- The Chinese formula Bao He Wan is traditionally used for all sorts of gastrointestinal disorders ranging from food poisoning as the result of contaminated foods, or from general overeating or over indulgence in rich foods and alcoholic beverages. It includes Shan Zha, Shen Qu, Lal Fu ZI Chen PI, Ban Xia, Fu Ling, Lian Qiao.
- Shao Tao Tang can be taken to regulate and harmonize both the Qi and blood while cleaning heat and removing toxins. It includes Bai Shao Yao, Dang Gui, Gan Cao and others.
- Garlic is known to possess antibiotic properties. The Hospitality Institute of Technology and Management reports that the active ingredient in garlic is effective for halting the growth of bacteria in salmonella
- Ginger has anti-inflammatory compounds to help quell nausea and gastric problems. It is a rhizome of the plant Zingiber officnale. Tea from giner and chamomile is also an effective treatment.
- Andrographis paniculata, a Chinese herb described as bitter and cold, is good for relieving toxins. It is grown widely and has a history of a traditional use for a wide variety of conditions, such as infections and an assortment of digestive disorders. It also has been used for the common cold.
- Oil of oregano is used for antimicrobial properties.
Healthline. What to Eat After Food Poisoning. Retrieved from: https://www.healthline.com/health/food-nutrition/what-to-eat-after-food-poisoning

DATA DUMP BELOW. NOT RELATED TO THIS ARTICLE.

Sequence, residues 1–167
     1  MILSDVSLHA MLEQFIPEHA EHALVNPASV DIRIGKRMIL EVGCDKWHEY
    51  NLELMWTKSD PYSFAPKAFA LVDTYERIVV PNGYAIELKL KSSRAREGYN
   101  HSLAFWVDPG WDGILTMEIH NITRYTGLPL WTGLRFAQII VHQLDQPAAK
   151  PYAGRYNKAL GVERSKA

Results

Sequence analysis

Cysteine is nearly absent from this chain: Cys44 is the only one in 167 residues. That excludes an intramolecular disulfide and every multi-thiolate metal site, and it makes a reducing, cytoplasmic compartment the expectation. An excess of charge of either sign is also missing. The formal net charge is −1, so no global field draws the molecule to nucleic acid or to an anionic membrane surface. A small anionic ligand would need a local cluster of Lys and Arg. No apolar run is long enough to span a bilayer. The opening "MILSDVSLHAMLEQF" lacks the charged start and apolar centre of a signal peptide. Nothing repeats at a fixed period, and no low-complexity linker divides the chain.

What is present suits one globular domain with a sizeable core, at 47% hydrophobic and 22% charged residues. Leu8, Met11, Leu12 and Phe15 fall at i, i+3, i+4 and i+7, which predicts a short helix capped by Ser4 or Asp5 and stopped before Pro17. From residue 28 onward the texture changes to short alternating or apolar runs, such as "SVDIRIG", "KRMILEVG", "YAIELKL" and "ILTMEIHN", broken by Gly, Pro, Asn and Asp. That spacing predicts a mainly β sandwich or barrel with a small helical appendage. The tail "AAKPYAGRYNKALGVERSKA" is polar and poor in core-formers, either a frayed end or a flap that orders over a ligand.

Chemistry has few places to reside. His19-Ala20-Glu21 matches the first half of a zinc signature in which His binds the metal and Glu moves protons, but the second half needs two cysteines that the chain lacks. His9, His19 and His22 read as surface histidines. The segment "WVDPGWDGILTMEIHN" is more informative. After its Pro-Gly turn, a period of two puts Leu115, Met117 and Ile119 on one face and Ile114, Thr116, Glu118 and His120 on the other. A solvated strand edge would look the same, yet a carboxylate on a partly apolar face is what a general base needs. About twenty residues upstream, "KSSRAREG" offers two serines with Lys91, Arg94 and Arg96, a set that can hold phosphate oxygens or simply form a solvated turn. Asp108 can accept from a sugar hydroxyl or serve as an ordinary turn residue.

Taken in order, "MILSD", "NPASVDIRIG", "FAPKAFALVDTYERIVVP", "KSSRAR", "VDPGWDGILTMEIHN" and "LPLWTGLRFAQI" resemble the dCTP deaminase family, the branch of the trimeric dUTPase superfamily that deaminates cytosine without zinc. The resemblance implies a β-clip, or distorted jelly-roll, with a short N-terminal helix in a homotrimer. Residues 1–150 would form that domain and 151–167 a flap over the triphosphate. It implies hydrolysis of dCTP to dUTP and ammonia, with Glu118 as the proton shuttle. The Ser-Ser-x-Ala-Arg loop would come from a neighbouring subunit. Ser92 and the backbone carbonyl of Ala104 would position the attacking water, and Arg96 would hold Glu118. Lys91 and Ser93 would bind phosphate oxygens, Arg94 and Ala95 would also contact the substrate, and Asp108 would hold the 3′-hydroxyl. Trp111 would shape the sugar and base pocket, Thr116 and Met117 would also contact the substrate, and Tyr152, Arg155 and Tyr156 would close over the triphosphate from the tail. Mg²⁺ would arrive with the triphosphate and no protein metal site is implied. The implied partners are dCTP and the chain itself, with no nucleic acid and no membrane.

Teatulia. What is Ginger? Retrieved from: https://www.teatulia.com/tea-varieties/what-is-ginger-tea.htm
Michael and Lesley Tierra’s East West School of Planetary Herbology. Salmonella in Species and the Herbal Treatment of Food Poisoning. Retrieved from: https://planetherbs.com/blogs/michaels-blogs/salmonella-in-spices-and-the-herbal-treatment-of-food-poisoning/
WebMD. Andrographis. Retrieved from:https://www.webmd.com/vitamins/ai/ingredientmono-973/andrographis
Richard Palmquist, MD. Science Rediscovers the Forgotten Herb Andrographis. Retrieved from: https://www.huffingtonpost.com/richard-palmquist-dvm/andrographis_b_1221334.html
National Institutes of Health. NIH Scientists describe how salmonella bacteria spread in humans. Retrieved from:
Food and Drug Administration Administration. 2018. FDA warns companies selling illegal, unapproved kratom products marketed for opioid cessation, pain treatment and other medical use. https://www.fda.gov/NewsEvents/Newsroom/PressAnnouncements/ucm608447.htm